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Transcript of interview with Lieran Gilbert: Sky News AM Agenda: 29 January 2018: new Commonwealth Bank CEO; Royal Commission into the Banks; Defence exports; Trans-Pacific Partnership



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ANDREW LEIGH MP SHADOW ASSISTANT TREASURER SHADOW MINISTER FOR COMPETITION AND PRODUCTIVITY SHADOW MINISTER FOR TRADE IN SERVICES SHADOW MINISTER FOR CHARITIES AND NOT-FOR-PROFITS

MEMBER FOR FENNER

E&OE TRANSCRIPT TELEVISION INTERVIEW SKY NEWS AM AGENDA MONDAY, 29 JANUARY 2018

SUBJECTS: New Commonwealth Bank CEO, Royal Commission into the Banks, Defence Exports, Trans-Pacific Partnership.

KIERAN GILBERT: Andrew Leigh, thanks very much for your time. Your thoughts on your breaking news that we brought to you just before the break, the new Commonwealth Bank chief executive has been announced?

ANDREW LEIGH, SHADOW ASSISTANT TREASURER: Happy New Year, Kieran to you and your viewers. Great to be back on Sky. I've met Matt, I've found him thoughtful and engaged. Obviously the issues facing the big banks aren't just some of the scandals that have gone by but also the financial technologies. They’re facing new FinTech competitors: everything from ApplePay to scrappy start-ups. I think Matt's got the wherewithal to deal with these challenges but obviously there is some big reform required at the head of our big banks.

GILBERT: Yeah certainly is. He's coming in at a difficult time.

LEIGH: Absolutely. He'll have his work cut out for him. It's striking when you look at the leadership of Australia's major banking sector that it’s significantly younger than a generation ago. I think that does reflect the demands and challenges that the sector faces.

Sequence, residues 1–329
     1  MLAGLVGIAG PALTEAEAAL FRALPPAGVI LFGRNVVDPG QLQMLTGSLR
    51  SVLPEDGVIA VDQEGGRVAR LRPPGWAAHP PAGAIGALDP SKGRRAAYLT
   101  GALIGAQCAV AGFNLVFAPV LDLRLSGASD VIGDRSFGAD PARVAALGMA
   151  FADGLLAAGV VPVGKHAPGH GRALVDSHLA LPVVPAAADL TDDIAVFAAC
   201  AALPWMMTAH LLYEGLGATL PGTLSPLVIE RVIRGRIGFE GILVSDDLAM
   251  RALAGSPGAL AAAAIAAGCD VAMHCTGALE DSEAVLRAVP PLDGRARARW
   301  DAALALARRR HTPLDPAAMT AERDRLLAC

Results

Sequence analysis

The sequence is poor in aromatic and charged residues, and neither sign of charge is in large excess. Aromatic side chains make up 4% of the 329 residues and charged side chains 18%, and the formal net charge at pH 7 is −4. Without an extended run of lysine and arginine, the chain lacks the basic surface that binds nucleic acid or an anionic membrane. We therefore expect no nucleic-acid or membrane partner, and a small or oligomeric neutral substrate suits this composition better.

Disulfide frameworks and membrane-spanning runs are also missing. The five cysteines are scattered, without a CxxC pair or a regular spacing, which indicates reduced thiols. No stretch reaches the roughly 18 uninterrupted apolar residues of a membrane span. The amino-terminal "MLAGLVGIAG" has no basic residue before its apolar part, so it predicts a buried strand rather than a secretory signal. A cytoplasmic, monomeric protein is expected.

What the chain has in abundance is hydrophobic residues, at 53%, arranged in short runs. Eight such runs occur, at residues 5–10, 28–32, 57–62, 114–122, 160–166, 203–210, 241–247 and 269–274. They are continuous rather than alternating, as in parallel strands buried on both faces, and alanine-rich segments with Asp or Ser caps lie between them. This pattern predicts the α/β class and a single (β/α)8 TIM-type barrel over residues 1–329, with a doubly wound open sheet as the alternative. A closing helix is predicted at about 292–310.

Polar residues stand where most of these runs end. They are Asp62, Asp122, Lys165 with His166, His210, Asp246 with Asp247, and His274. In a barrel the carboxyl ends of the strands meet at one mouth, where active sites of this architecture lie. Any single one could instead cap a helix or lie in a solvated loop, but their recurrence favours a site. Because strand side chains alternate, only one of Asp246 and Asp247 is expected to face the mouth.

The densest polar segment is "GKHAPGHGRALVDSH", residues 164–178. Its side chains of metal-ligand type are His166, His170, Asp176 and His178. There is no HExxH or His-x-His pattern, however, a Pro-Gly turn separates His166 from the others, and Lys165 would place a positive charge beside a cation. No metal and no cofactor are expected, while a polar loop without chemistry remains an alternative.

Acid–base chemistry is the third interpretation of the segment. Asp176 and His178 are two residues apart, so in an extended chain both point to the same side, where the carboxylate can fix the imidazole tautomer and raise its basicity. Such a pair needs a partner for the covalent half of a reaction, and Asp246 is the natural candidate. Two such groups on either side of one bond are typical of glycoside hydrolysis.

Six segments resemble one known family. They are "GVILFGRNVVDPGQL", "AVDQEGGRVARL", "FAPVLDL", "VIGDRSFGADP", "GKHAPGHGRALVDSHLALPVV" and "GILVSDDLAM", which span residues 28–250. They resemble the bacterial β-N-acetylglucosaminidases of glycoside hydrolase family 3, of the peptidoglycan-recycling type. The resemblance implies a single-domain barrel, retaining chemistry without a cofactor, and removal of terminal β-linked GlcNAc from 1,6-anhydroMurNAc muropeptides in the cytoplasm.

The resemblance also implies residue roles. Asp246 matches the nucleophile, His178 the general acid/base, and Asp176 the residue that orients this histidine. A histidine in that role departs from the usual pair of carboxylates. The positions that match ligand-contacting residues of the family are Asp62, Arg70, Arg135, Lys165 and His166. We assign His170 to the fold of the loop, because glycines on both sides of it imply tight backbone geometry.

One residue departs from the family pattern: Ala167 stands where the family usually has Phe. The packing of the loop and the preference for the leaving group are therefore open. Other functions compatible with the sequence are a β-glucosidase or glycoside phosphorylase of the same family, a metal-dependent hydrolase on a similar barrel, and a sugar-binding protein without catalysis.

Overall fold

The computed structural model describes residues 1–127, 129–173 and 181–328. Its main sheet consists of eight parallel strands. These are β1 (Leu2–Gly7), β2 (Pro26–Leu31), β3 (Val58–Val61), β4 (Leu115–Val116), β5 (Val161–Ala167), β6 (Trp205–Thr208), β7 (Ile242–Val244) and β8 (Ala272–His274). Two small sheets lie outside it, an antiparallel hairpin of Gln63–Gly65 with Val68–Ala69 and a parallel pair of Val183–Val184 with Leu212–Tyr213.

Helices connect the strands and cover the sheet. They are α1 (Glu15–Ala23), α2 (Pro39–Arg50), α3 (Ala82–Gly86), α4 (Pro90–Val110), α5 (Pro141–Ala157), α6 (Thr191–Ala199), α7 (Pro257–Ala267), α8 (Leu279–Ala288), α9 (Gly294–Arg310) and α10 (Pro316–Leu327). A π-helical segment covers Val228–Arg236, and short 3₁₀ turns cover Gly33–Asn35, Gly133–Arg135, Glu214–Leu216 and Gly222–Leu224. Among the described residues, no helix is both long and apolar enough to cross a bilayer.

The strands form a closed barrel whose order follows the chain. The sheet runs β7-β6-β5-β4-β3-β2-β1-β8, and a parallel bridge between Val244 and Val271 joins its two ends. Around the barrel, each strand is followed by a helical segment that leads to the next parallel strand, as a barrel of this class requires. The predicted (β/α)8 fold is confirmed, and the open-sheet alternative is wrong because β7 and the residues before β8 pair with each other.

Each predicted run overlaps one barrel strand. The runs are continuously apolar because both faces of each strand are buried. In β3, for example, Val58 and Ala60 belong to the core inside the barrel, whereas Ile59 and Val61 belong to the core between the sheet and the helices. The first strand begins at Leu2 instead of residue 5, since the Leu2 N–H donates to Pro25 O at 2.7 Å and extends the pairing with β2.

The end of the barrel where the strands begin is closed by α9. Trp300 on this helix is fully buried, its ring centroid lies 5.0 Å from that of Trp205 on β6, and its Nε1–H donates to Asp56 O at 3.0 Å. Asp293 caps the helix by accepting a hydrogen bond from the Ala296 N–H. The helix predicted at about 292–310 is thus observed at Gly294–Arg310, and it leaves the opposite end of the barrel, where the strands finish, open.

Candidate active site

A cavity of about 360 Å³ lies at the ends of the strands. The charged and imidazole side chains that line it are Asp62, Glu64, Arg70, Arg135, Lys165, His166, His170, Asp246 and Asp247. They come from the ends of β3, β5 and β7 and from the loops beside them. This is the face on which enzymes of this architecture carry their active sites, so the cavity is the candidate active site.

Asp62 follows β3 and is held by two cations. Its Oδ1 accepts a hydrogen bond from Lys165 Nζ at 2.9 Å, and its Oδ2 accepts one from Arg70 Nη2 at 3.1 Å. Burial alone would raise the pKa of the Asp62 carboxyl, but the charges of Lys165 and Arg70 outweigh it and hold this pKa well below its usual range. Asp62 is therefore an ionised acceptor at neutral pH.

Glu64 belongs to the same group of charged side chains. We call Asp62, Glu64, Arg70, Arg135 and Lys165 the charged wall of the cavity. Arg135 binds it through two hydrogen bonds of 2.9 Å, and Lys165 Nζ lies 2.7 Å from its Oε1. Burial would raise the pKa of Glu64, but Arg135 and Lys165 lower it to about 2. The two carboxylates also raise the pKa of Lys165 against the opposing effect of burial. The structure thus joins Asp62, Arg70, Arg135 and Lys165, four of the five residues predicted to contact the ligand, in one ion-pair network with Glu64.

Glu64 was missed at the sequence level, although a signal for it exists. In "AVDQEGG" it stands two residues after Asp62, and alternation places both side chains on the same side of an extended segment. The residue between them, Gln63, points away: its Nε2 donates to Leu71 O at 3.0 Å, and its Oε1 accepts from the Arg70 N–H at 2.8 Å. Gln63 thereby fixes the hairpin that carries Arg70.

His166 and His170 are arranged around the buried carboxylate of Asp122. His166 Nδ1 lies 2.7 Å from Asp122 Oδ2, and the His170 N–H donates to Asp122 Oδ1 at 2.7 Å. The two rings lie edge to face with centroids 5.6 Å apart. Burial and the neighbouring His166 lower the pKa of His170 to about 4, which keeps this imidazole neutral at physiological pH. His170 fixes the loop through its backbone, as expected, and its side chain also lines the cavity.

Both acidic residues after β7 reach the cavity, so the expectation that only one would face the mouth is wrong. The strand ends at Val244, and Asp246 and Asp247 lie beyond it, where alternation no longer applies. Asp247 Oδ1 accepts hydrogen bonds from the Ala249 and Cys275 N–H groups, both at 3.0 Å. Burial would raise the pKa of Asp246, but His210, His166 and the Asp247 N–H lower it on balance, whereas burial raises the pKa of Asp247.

GILBERT: Is that a good thing do you think to have that sort of mid-career individual as opposed to someone at the end of their career taking the helm?

LEIGH: I think it is, certainly the impact of cryptocurrencies just to name one is a pretty sophisticated challenge facing big banks. You want your big banks to be nimble, to be able to not only deal with the scandals - and they've got to do that

through this Royal Commission process - but also to reform and make sure they're ready for 21st century challenges.

GILBERT: The Government announcing this bid to lift Australia's profile as a defence exporter, I saw a former Australian Ambassador to Israel this morning suggesting that if they could be the fifth largest exporter, Australia should be able to crack the top ten. What are your thoughts on that?

LEIGH: We've got our success stories, including the Hawkei and the Bushmaster. But it's important to put this in perspective, Kieran. We're talking about $20 million a year, the Government can do far more through its own procurement processes. So for example, through the Offshore Patrol Vessels there is the potential to get much more Australian industry involvement in that. Labor's keen of course to see stronger exporters but we also want our own procurement guidelines ensuring we've got a healthy defence industry.

GILBERT: They're talking about a boost force rather than small and medium size businesses as well, that's a focus as well. Is that part of the mix here? It seems to me that most of the businesses we're talking about are larger scale firms like Thales and so on.